Update: When this was first developed, one was able to double click on the photos of the bills to read the text. Currently, google has changed their photo viewing architecture to disable that feature, therefore making it impossible to read the bills. However, there are summaries of the bills in the commentary.
This is Dr. Gillette's complete legislative history. The full text of all eight of the bills she introduced in the NYS Assembly are below.
These pages referencing Dr. E. V. Gillette are taken from the NYS 1920 Redbook, a publication of NYS government that explains who is in state government and what they have done.
This page lists the eight bills that she sponsored. All of the bills she sponsored are solely sponsored by her. In the few number of bills that I read from the 1920 session, all of them had single sponsors. The modern fashion to have multiple, even dozens, of sponsors to a bill does not seem to have been in vogue then. None of the bills she introduced were enacted into law. However one bill was passed by the Assembly and the Senate, but it was vetoed by the Governor.
This page gives a brief biography of Dr. Gillette, and her life in Schenectady.
This is the bill she introduced that passed both houses and was vetoed by the Governor. It addresses a problem still plaguing Schenectady today, floods. The premise of the bill is that the State was negligent in the construction of the Vischer's Ferry dam, also known as lock 7, in Niskayuna. "(N)ot providing said dam with adequate flood gates and devices to operate the same, or in not removing the Rexford dam and aqueduct, or in not breaking up the solid field of ice on the pool formed by this dam, and thereby bringing about a jam of ice... which caused the alleged damages during the months of March and April, nineteen hundred and fourteen."
This is an interesting argument because it examines the root cause of the flooding, it is novel today because it is always assumed that nothing can be done. In Dr. Gillette's time people were still pondering the most efficient and least harmful dam designs. I wonder if a solution could be found to this dilemma by modern engineers.
This bill simply requests $400,000 for the construction of a bridge between Schenectady and Scotia. It was also introduced, and killed in the Senate.
This bill seeks to double the number of representatives on the state committee of each party. This bill would have the party committees elect 2 people from each Assembly district. Dr. Gillette was seeking to expand and enhance political discussion. This is one of her forgotten bills, but, along with its sister bill Int. 26, is her most significant. People in Schenectady were not content with the structure of their government, or the deliberation of their political parties, and Dr. Gillette expressed a common ideal that democracy could be optimized if more people participated in the process of governance.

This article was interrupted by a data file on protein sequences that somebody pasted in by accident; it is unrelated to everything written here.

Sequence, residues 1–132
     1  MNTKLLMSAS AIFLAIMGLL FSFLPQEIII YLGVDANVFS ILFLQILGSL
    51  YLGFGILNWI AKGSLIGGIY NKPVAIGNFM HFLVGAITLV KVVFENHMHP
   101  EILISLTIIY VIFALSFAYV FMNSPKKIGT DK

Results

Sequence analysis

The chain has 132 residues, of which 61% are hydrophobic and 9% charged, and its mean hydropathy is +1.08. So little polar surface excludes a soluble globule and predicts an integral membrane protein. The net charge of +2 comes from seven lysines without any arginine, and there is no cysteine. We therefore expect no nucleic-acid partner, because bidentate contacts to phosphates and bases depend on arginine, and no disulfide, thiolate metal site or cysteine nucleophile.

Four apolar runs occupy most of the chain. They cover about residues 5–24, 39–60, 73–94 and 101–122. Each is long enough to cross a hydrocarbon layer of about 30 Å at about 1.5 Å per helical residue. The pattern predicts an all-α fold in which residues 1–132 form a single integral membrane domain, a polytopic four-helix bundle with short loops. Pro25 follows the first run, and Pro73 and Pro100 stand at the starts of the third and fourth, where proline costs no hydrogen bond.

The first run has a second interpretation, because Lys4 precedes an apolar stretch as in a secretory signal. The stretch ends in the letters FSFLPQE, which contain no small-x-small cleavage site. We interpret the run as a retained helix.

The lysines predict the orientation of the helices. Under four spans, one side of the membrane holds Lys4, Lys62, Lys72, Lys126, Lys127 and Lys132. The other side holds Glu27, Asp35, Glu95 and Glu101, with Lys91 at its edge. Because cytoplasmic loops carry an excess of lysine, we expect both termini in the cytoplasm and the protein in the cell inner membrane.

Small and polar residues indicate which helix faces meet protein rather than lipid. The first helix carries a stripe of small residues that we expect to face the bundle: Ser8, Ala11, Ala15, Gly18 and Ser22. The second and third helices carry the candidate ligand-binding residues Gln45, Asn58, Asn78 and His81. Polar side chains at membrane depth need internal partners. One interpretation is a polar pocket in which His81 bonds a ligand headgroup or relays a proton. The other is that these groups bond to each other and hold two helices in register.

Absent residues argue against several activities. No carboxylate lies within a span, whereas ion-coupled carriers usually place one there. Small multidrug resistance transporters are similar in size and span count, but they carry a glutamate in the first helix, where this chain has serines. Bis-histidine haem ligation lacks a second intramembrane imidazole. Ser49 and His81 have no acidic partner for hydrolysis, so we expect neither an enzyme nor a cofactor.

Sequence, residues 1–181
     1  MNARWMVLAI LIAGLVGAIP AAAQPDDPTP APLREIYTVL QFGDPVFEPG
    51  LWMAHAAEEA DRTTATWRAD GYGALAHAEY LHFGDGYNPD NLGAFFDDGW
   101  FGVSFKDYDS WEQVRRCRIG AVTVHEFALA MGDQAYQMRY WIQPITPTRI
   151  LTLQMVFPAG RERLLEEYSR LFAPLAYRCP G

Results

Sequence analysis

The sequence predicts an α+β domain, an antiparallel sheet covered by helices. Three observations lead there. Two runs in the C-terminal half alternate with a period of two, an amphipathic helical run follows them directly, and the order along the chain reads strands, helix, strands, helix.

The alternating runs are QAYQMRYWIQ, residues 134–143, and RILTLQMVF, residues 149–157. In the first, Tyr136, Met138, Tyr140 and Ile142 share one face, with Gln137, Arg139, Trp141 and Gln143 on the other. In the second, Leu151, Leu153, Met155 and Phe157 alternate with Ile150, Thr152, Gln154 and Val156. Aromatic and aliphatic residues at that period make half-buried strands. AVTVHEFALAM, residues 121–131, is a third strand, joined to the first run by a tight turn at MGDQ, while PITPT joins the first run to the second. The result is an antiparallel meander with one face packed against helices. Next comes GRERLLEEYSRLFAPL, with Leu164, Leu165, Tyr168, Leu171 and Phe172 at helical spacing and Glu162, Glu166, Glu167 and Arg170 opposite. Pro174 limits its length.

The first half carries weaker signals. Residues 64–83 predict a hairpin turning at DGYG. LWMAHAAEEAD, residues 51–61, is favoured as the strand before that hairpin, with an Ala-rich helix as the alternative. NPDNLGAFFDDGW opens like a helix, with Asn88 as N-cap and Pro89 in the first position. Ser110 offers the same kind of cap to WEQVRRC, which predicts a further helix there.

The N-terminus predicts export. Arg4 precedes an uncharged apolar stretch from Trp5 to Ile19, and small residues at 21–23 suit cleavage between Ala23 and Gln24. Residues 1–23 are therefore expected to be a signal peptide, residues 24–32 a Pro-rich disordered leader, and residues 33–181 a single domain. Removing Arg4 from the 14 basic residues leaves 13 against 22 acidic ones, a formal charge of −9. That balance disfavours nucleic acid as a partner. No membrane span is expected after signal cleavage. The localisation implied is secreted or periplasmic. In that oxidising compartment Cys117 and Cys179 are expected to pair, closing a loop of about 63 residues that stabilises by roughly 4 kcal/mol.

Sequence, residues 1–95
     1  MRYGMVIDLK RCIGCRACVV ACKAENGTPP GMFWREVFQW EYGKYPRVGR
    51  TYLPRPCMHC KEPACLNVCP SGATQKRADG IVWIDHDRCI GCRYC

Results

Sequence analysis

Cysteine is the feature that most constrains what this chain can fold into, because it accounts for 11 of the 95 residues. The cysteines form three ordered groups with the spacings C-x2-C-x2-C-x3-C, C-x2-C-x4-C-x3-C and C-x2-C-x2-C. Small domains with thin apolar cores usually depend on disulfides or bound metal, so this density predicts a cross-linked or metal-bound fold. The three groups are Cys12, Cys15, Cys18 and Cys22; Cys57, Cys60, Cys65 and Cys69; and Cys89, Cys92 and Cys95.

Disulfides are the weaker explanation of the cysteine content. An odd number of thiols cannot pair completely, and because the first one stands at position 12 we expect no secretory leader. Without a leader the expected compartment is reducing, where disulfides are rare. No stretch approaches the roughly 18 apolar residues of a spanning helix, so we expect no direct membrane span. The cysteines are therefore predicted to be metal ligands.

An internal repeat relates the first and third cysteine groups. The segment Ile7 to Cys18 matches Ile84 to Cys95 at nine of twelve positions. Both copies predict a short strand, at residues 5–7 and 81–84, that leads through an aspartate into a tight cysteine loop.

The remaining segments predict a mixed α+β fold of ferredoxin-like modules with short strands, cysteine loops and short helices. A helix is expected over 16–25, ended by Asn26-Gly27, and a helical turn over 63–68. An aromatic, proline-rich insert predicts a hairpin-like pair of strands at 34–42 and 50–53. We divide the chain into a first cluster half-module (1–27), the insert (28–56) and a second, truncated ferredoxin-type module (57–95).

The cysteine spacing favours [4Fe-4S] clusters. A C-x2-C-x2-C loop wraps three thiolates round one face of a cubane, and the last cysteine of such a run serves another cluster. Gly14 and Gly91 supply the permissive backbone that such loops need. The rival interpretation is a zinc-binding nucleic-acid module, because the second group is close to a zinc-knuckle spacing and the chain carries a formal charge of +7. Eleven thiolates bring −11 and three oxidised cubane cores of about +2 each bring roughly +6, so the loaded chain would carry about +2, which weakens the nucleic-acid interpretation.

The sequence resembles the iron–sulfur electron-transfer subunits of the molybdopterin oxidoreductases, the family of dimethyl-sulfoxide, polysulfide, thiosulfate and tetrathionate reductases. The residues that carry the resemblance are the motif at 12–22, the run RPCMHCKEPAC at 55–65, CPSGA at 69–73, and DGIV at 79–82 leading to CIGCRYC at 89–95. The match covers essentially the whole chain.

This bill along with the previous bill reflect the widely held belief in 1920 that government, was best suited to broad discussion. This bill allows political parties to elect one man and one woman to their state committees. This bill was introduced before the US Constitution was amended to allow women the vote, but after NYS passed a bill ratifying the 19th amendment.
Today expanding suffrage is not widely evaluated for its merits, but it should be, just as Dr. Gillette questioned the rationale for limiting suffrage. How many more people could we draw into active citizenry and public discourse if we gave the youth the right to vote? How can we expand the consistently miserable turn out of eligible voters? How legitimate is a government when only a small fraction of the people elect representatives? These were questions that were discussed at Dr. Gillette's house in her day, and we should revisit them.
This bill would restrict the sale of tuberculin or mallein to those authorized by the department of agriculture.
This bill would provide for the construction of a well and pumping station "rendered necessary by the operation of gates in the Vischer Ferry dam". Half the cost would be picked up by the State and half would be covered by the City floating bonds.
Don Rittner in his blog at the TU (http://blog.timesunion.com/rittner/gillette-a-pioneer-schenectady-woman/226/) gave a cursory and inaccurate description of Dr. Gillette's time in the Assembly. She only introduced one bill regulating medicine, and he misrepresented Int. 1366. This bill does not require physicals of children in factories, that was already a law, she wanted children working in "mercantile establishments" to have physicals. The purpose of the examination was to ensure that the children were healthy enough to work, if they were not an official could cancel the child's work papers, until they were 16 years old, and then they were old enough to work wherever they pleased.